The sequester, the economy and you

8:12 AM, Feb 27, 2013   |    comments
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GOLDEN VALLEY, Minn. - If a bi-partisan deficit reduction agreement is not reached Friday, March 1st, the sequester law, bringing about cuts in almost every line of the government's discretionary and defense spending, will take effect.

Dan Ament, Financial Advisor with Morgan Stanley in Wayzata joined KARE 11 Sunrise to discuss the potential turmoil facing the economy and investors.

March 1st - sequestrations begin for 2013 (full year est.)
"Supercommittee Sequestration": Defense, discretionary funding $54.6B
Non-defense, discretionary funding $38.0B
Non-exempt, mandatory programs generally $5.5B
Medicare funding $11.1B
Subtotal, Supercommittee sequestration $109.2B
"Cap sequestration" of discretionary defense funding $10.9B
Both sequestrations $120
(Source: Office of Management and Budget (OMB) and Citi Research - US Equity Strategy)

"My way or the highway" public approach. Growing risk that sequester and related cuts develop, at least in the short term. Sequestration or automatic spending reductions, (with half of the roughly $85 billion occurring in defense expenditures) are a result of the budget agreement in 2011 that both parties approved when the super committee was unable to compromise on reforms to spending and taxes. Both sides do not like the option of it happening since it will cause pain in some of their favorite areas. But, at the same time, both the President and the GOP seem to be taking a "my way or the highway" public approach which provides little room for agreement right now.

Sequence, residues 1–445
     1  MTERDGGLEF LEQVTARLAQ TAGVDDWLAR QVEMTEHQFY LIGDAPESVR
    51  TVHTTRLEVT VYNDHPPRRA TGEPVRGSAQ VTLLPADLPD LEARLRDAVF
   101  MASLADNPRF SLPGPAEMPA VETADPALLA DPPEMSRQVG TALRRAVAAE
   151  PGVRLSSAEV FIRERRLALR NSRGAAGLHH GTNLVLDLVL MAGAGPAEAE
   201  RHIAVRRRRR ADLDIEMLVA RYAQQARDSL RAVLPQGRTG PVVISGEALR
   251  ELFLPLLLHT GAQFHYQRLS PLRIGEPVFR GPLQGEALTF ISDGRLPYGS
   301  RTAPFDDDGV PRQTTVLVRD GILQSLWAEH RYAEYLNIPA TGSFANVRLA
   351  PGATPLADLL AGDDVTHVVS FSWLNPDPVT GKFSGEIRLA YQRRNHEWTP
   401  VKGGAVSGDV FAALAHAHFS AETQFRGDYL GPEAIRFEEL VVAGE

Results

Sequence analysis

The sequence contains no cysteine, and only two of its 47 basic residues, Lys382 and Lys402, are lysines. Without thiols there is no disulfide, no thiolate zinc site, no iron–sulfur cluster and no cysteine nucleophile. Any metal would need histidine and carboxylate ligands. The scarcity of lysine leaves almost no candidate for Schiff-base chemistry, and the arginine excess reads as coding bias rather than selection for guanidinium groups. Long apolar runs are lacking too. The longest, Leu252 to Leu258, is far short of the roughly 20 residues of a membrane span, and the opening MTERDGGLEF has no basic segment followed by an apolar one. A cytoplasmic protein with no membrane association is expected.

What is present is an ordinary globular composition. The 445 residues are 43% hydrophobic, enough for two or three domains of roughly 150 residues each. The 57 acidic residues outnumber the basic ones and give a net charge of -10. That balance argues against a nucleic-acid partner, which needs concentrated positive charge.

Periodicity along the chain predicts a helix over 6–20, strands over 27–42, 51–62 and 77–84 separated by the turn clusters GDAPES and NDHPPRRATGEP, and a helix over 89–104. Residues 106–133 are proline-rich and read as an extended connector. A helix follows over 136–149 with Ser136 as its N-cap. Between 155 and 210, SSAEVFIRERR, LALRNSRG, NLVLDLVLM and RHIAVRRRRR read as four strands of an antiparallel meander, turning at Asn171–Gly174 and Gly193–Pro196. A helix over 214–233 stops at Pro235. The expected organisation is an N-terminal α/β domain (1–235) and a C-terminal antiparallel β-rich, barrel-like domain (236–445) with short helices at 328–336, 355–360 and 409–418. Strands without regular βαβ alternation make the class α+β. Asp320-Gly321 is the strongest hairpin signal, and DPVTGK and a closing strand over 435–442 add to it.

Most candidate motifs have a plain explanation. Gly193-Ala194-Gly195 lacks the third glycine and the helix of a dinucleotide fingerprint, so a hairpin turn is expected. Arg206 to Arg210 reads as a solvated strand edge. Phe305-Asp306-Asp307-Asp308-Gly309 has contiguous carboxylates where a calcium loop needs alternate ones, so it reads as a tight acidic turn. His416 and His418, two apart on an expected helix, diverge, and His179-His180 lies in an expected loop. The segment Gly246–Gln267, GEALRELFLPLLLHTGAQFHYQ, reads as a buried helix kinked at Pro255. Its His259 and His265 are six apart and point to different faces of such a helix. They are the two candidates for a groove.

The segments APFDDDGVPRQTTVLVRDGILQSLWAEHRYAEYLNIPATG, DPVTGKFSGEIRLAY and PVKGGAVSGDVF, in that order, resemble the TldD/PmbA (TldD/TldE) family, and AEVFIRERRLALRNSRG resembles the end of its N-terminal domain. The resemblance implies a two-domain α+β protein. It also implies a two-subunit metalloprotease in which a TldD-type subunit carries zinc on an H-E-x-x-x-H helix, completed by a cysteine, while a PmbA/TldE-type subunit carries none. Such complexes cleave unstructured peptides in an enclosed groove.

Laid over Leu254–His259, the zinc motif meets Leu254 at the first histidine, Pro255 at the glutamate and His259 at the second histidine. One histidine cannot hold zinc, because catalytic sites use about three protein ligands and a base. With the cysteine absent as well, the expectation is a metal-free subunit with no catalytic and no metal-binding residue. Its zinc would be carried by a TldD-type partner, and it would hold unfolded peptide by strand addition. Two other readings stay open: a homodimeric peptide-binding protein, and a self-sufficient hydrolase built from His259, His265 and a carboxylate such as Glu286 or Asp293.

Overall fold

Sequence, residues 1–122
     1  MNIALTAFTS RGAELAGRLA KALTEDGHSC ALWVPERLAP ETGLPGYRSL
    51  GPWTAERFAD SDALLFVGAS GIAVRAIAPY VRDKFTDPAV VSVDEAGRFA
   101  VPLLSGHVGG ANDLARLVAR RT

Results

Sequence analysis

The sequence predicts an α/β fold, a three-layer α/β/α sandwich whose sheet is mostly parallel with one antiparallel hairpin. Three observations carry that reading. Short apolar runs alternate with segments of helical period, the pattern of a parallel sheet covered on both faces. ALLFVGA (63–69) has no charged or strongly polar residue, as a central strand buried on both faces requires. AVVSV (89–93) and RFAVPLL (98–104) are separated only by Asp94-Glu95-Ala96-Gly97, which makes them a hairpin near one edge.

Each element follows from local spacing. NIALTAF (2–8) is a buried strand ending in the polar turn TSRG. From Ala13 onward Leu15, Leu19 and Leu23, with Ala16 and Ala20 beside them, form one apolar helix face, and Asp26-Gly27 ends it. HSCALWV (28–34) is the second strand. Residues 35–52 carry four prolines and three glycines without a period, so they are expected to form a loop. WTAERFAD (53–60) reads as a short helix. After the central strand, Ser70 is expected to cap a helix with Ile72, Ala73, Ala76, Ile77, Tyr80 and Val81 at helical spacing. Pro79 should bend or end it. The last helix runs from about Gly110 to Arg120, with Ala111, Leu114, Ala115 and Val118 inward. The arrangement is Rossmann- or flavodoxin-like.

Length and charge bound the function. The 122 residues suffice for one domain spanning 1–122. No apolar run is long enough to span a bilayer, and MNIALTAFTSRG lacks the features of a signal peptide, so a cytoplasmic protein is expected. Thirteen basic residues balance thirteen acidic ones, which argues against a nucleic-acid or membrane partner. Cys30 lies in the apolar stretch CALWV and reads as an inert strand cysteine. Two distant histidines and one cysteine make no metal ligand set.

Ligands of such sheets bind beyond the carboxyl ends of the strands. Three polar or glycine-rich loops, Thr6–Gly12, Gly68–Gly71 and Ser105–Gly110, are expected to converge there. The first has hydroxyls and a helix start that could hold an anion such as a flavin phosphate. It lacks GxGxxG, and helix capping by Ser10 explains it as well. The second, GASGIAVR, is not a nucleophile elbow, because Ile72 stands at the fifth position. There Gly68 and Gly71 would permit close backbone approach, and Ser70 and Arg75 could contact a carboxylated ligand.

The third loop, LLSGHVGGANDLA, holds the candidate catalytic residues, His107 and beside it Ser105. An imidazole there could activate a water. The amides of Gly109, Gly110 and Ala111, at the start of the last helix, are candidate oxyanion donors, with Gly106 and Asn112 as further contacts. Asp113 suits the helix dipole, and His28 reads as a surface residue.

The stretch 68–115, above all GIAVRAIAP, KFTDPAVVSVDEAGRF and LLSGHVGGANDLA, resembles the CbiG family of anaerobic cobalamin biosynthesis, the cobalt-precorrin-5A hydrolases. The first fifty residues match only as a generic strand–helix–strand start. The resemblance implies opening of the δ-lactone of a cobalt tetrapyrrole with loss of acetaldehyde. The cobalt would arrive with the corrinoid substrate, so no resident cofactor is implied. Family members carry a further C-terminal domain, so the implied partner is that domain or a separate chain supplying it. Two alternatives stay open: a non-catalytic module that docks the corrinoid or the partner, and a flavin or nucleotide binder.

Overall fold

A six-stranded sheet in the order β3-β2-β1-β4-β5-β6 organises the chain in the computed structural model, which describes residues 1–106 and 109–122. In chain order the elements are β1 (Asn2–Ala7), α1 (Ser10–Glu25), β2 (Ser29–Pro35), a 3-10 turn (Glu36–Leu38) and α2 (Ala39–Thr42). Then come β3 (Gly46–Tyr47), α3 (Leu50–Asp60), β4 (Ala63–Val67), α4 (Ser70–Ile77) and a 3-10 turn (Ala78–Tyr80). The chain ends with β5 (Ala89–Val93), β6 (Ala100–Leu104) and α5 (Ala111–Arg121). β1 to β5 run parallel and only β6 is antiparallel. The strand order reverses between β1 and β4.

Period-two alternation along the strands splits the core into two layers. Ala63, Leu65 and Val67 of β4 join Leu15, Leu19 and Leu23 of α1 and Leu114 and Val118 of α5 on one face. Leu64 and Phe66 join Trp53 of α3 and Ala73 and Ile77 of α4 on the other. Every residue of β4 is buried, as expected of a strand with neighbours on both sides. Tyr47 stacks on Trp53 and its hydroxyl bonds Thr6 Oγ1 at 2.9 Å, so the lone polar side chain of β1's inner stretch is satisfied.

March 27th - continuing resolution (CR) deadline may be the most critical for investors. The so-called "CR" is important in that on March 27, the government runs out of budget authority to continue spending at its current run rate and a government shutdown essentially occurs. Congress must pass new legislation and the Republicans perceive this as their best shot at addressing entitlement spending, plus the CR provides another chance to tackle the sequester cuts. The GOP is wary of being seen as extreme (by shutting down the government), given 2014 midterm elections. Hence, the discord could unnerve markets even if an eventual compromise is assumed, although the 1995-96 shutdown did not result in a S&P 500 correction.

May 19th - the debt ceiling .... Again. The debt ceiling is seen as somewhat of a nuclear option as few seem willing to risk the "full faith". The Republicans purposely re-sequenced the debt ceiling to May 19 in order to tackle sequestration and the CR first. But, it is possible for it to get kicked down the road again to avoid the mere thought of a technical default.

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